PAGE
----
In the 1970s, the Nobel Prize-winning economist Thomas Schelling used to put some questions to his students at Harvard when he wanted to show how people’s ethical preferences on public policy can be turned around. Suppose, he said, that you were designing a tax code and wanted to provide a credit — a rebate, in effect — for couples with children. (I’m simplifying a bit.) In a progressive tax system such as ours, we try to ease the burden on the less well off, so it might make sense to adjust the child credit accordingly. Would it be fair, do you think, to give poor parents a bigger credit than rich parents? Schelling’s students were inclined to think so. If the credit was going to vary with income, it seemed fair to award struggling families the bigger tax break. It would certainly be unfair, they agreed, for richer families to get a bigger one.

Then Schelling asked his students to think about things in a different way. Instead of giving families with children a credit, you’d impose a surcharge on couples with no children. Now then: Would it be fair to make the childless rich pay a bigger surcharge than the childless poor? Schelling’s students thought so.

But — hang on a sec — a bonus for those who have a child amounts to a penalty for those who don’t have one. (Saying that those with children should be taxed less than the childless is another way of saying that the childless should be taxed more than those with children.) So when poor parents receive a smaller credit than rich ones, that is, in effect, the same as the childless poor paying a smaller surcharge than the childless rich. To many, the first deal sounds unfair and the second sounds fair — but they’re the very same tax scheme.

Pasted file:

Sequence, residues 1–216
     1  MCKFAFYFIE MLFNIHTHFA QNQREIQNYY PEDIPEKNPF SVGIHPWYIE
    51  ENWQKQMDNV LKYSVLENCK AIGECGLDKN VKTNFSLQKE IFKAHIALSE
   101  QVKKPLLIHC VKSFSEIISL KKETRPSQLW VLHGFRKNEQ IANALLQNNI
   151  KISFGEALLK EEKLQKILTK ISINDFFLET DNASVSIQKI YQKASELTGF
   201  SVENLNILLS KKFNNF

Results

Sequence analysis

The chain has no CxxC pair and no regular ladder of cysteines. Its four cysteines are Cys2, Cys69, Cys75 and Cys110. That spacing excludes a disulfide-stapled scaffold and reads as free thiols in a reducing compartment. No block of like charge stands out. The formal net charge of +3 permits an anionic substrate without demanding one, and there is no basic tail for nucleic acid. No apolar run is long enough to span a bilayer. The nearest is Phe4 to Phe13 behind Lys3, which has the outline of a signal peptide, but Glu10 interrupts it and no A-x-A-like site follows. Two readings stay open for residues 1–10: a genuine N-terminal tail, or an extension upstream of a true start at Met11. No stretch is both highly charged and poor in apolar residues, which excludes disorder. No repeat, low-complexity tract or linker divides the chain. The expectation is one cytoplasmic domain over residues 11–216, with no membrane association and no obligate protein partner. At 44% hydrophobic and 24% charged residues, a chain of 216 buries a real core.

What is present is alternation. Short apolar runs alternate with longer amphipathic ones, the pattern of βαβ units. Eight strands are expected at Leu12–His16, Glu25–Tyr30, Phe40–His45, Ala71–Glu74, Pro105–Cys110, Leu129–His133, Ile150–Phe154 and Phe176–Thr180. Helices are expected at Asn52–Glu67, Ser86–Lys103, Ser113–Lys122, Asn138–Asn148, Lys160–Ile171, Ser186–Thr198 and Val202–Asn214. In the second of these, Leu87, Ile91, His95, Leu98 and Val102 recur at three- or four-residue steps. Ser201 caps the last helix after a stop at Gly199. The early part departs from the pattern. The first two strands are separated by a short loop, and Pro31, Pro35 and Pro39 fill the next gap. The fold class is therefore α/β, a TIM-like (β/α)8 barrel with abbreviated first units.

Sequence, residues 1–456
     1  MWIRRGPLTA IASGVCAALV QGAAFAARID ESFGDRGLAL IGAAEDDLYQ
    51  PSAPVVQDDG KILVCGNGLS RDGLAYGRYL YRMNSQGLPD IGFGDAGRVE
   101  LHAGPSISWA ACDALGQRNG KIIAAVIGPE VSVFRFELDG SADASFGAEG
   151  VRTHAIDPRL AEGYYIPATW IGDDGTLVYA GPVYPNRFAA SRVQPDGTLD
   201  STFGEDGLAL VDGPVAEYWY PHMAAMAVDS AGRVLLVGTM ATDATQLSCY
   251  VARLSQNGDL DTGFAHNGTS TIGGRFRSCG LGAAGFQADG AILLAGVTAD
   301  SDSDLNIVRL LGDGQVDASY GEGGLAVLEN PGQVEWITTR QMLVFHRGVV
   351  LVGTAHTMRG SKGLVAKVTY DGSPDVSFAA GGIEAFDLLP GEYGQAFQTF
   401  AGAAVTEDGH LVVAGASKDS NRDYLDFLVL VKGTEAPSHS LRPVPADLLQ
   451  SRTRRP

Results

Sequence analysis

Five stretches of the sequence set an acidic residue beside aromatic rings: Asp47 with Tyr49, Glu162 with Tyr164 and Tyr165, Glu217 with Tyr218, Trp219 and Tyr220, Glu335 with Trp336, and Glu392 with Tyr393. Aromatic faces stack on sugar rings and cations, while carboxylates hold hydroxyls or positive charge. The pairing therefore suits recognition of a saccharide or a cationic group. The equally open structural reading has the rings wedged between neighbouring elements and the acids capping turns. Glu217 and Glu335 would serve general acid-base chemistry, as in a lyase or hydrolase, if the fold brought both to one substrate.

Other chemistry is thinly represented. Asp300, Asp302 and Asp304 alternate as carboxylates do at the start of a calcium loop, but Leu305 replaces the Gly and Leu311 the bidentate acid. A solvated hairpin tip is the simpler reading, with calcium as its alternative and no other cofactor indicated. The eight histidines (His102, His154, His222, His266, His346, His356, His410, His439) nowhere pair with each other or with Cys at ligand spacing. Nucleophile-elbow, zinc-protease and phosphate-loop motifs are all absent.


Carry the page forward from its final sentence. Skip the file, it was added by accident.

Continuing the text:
Here’s another follow-up illustration for the skeptical. Note that plan #1 and plan #2 have exactly the same results (everybody pays the same amount of tax, and the government gets the same amount of revenue). In plan #1, the poor family with kids gets a bigger tax credit than the rich family with kids (that sounds fair); in plan #2 the rich family is hit with a smaller penalty for childlessness than the poor family is (that’s unfair!):

Plan #1 (the “fair” plan)
household incometaxcredittotal owed
Government ends up with:$235
Poor family with kids $500$50−$40$10
Poor family without kids $500$50−$0$50
Rich family with kids $1000$100−$25$75
Rich family without kids $1000$100−$0$100

Plan #2 (the “unfair” plan)
household incometaxsurchargetotal owed
Government ends up with:$235
Poor family with kids $500$10+$0$10
Poor family without kids $500$10+$40$50
Rich family with kids $1000$75+$0$75
Rich family without kids $1000$75+$25$100

Here again, two outcomes that are identical in the real world are perceived as starkly different — one is fair, the other unfair — based not on any characteristic of the outcomes themselves but only on expectations and descriptions that, in a similar way to the green cylinder in the optical illusion, overshadow the facts of the case. The “government” in this example can transform an “unfair” tax system into a “fair” one, or vice versa, just by describing it differently.

The science of manipulating people by identifying and then exploiting these conceptual flaws (which crop up not only in optical and ethical illusions, but in all sorts of assessments of what is really going on around us and what is in our best interests) has been running far ahead of any efforts to teach people any sort of self-defense. I don’t see why we shouldn’t start trying to catch up.